Whoopi Goldberg has called upon the British royal family to apologize directly for Britain’s role in colonialism and slavery in the wake of Prince William and the Duchess of Cambridge’s recent debacle of a royal visit to Jamaica. The royal couple was widely shunned by the nation’s populace, and faced several protests.
The situation was only exacerbated by a remarkably tone-deaf speech in which the Prince expressed sorrow regarding the subject of the slave trade, calling it “totally abhorrent,” yet offered no apology for Britain nor his family’s part in it, as reported by Metro.
Speaking on an episode of The View, Goldberg remarked, “Britain ran ram shod over India for years… Let us not forget, when we talk about what needs to happen, all the folks that need to apologize. Listen, this is not new.” Speaking of Prince Charles’s recent state visit to Barbados, which recently removed Queen Elizabeth as the country’s official head of state, Goldberg stated, “I suspect Charles, when he was in Barbados, had some idea because he went on and apologized as he was releasing the hold that Britain has. So perhaps somebody is listening, and it’s the new group of folks – I don’t know if it’s Charles, William, but one of them.”
William’s speech echoed many of the sentiments espoused by his father during his Barbados visit, where, according to Insider, he acknowledged the “appalling atrocity of slavery, which forever stains our history.”
Similarly, William stated,
“I strongly agree with my father, the Prince of Wales, who said in Barbados last year that the appalling atrocity of slavery forever stains our history. I want to express my profound sorrow. Slavery was abhorrent. And it should never have happened. While the pain runs deep, Jamaica continues to forge its future with determination, courage, and fortitude. The strength and shared sense of purpose of the Jamaican people, represented in your flag and motto, celebrate an invincible spirit.”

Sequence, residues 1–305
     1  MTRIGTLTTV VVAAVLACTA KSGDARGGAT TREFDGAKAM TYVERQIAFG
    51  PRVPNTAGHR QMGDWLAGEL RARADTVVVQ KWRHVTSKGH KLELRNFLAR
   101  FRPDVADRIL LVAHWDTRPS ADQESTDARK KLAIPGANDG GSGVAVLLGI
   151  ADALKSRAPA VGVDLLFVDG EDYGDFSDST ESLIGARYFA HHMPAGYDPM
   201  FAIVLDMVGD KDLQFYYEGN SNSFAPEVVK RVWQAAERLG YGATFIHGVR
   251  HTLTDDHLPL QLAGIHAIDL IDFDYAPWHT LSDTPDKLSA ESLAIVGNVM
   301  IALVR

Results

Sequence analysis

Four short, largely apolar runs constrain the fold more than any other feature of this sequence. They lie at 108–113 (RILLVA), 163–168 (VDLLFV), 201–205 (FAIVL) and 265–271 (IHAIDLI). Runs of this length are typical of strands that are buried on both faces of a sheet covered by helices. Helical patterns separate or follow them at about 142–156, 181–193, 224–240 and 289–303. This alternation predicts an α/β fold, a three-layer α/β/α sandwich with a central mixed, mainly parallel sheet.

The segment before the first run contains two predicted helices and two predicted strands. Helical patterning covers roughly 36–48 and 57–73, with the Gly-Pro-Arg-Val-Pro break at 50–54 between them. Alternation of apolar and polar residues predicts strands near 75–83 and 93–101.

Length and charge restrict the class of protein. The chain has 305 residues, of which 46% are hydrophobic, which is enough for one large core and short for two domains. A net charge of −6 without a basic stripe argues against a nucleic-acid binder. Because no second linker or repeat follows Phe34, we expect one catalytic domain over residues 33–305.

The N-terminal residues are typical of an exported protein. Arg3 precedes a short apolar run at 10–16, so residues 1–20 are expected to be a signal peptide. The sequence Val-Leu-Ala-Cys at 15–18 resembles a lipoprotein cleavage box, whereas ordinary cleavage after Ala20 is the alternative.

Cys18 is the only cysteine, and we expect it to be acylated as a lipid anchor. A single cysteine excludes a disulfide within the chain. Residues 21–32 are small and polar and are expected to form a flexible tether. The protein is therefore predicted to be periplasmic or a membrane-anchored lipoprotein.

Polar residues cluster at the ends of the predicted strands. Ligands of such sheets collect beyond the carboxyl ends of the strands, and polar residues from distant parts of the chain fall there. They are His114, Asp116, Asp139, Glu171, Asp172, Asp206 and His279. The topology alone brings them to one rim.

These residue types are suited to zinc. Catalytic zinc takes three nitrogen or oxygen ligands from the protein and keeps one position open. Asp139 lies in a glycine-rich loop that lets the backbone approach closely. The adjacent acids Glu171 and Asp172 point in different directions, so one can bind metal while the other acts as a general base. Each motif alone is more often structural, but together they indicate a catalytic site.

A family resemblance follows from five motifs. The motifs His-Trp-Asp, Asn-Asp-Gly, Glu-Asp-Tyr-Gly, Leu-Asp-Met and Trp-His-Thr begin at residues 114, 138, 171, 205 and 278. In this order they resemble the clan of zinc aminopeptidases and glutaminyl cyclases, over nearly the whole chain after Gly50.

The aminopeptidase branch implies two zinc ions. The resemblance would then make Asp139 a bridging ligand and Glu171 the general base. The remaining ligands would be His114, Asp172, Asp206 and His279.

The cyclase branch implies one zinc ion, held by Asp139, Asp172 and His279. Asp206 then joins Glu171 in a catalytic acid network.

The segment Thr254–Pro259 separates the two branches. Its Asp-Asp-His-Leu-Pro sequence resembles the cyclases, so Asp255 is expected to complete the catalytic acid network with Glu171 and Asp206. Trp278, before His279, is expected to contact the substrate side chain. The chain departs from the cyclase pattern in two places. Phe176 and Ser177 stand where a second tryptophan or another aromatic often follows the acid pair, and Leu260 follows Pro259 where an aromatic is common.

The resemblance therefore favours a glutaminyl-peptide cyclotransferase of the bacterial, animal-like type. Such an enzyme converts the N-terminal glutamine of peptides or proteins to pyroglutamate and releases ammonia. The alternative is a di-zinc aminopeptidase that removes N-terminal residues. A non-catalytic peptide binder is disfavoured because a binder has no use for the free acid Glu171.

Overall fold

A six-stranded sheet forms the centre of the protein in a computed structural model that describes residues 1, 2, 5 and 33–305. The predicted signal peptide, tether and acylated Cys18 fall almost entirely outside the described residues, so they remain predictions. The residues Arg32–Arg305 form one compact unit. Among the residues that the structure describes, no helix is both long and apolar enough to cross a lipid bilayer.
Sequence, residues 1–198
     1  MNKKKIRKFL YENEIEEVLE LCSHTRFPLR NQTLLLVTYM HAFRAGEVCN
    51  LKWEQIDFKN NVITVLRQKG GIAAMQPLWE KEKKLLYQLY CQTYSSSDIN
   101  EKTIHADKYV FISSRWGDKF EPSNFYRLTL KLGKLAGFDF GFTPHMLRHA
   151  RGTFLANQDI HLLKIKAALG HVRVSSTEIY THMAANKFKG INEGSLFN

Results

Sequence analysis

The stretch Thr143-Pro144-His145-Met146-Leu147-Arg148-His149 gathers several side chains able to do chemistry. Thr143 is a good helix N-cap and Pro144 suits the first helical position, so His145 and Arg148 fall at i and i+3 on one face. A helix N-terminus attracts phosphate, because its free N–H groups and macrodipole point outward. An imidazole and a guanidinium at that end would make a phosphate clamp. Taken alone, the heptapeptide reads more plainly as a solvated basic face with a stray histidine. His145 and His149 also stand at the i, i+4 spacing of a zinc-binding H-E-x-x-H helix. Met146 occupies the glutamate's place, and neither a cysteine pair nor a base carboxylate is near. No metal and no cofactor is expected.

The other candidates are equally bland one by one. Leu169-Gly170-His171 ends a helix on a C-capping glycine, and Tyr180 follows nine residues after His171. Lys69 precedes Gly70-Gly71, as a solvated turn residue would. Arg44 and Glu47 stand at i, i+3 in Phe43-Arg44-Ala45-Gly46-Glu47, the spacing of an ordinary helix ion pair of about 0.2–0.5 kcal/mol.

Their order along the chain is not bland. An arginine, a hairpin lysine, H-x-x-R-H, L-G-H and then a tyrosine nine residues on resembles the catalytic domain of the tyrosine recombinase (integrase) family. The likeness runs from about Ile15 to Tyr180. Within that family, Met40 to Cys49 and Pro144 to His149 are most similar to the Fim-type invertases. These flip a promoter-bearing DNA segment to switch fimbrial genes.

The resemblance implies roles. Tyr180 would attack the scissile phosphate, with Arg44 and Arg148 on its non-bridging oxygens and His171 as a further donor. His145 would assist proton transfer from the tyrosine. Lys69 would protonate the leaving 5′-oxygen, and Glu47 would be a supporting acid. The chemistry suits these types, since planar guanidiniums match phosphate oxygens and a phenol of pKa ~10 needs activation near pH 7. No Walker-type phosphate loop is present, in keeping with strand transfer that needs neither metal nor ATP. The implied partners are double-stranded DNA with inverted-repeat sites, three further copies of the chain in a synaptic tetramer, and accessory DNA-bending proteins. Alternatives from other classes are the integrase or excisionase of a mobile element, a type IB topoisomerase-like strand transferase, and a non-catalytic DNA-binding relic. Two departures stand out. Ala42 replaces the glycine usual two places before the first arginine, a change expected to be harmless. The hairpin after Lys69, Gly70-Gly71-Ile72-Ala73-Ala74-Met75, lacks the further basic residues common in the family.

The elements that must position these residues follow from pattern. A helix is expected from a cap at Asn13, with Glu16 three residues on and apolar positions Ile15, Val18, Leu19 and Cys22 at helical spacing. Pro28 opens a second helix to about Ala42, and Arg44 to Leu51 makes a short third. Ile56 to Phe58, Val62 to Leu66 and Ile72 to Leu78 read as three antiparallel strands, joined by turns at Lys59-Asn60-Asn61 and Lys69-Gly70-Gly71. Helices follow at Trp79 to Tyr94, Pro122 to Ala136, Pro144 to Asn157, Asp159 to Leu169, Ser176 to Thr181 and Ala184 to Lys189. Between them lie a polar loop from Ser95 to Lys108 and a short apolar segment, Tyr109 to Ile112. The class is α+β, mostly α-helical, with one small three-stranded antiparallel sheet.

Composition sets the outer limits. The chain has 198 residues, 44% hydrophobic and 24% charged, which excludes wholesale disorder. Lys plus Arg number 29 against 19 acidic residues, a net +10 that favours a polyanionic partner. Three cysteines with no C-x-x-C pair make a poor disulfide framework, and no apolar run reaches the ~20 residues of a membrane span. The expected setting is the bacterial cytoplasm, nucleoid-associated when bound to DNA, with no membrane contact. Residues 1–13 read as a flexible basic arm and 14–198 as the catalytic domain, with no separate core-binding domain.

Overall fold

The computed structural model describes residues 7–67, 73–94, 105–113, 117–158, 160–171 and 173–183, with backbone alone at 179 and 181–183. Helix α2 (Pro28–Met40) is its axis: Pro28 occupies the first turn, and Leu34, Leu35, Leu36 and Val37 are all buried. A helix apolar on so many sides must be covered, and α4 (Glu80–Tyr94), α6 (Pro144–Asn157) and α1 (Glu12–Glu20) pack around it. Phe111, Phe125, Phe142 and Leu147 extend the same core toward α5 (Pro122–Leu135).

Critics were quick to point out that whatever personal sorrow and abhorrence William might have expressed, he offered no apology on behalf of his family or nation, both of which benefitted incalculably from the slave trade. It is a matter of record that the royal family actively campaigned against abolition in the eighteenth century.
Speaking a few days prior to William’s speech, Ras Iyah V, a prominent member of Jamaica’s Rastafari Nyahbinghi community, accused the royals of bathing in the wealth of Africa.
“We can only forgive people who acknowledge that what they did was wrong and are willing to repair the breach of the wrongs they have committed. And today the British monarchy has a lot of African artifacts in their possession – they still bathe in the wealth that was extracted out of the blood, sweat, and tears, and lives of our people, and we have never been compensated for any form of enslavement.”